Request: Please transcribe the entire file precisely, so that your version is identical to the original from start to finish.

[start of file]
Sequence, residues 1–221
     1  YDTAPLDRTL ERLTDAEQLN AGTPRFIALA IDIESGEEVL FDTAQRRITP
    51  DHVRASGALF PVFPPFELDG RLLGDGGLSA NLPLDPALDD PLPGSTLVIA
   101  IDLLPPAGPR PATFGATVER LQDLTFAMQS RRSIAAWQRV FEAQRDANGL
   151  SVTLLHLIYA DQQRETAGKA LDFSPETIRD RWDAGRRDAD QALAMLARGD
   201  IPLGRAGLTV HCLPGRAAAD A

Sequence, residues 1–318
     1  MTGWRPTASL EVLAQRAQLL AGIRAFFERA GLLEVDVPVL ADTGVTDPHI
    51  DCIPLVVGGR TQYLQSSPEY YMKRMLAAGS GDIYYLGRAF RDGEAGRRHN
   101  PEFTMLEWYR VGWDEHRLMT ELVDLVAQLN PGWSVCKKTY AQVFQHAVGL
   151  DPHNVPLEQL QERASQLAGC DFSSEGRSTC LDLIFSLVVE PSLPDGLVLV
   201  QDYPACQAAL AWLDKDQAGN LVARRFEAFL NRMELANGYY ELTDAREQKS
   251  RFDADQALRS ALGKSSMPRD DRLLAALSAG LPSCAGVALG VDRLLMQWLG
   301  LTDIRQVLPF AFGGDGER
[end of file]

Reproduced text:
Sequence, residues 1–221
     1  YDTAPLDRTL ERLTDAEQLN AGTPRFIALA IDIESGEEVL FDTAQRRITP
    51  DHVRASGALF PVFPPFELDG RLLGDGGLSA NLPLDPALDD PLPGSTLVIA
   101  IDLLPPAGPR PATFGATVER LQDLTFAMQS RRSIAAWQRV FEAQRDANGL
   151  SVTLLHLIYA DQQRETAGKA LDFSPETIRD RWDAGRRDAD QALAMLARGD
   201  IPLGRAGLTV HCLPGRAAAD A

Sequence, residues 1–318
     1  MTGWRPTASL EVLAQRAQLL AGIRAFFERA GLLEVDVPVL ADTGVTDPHI
    51  DCIPLVVGGR TQYLQSSPEY YMKRMLAAGS GDIYYLGRAF RDGEAGRRHN
   101  PEFTMLEWYR VGWDEHRLMT ELVDLVAQLN PGWSVCKKTY AQVFQHAVGL
   151  DPHNVPLEQL QERASQLAGC DFSSEGRSTC LDLIFSLVVE PSLPDGLVLV
   201  QDYPACQAAL AWLDKDQAGN LVARRFEAFL NRMELANGYY ELTDAREQKS
   251  RFDADQALRS ALGKSSMPRD DRLLAALSAG LPSCAGVALG VDRLLMQWLG
   301  LTDIRQVLPF AFGGDGER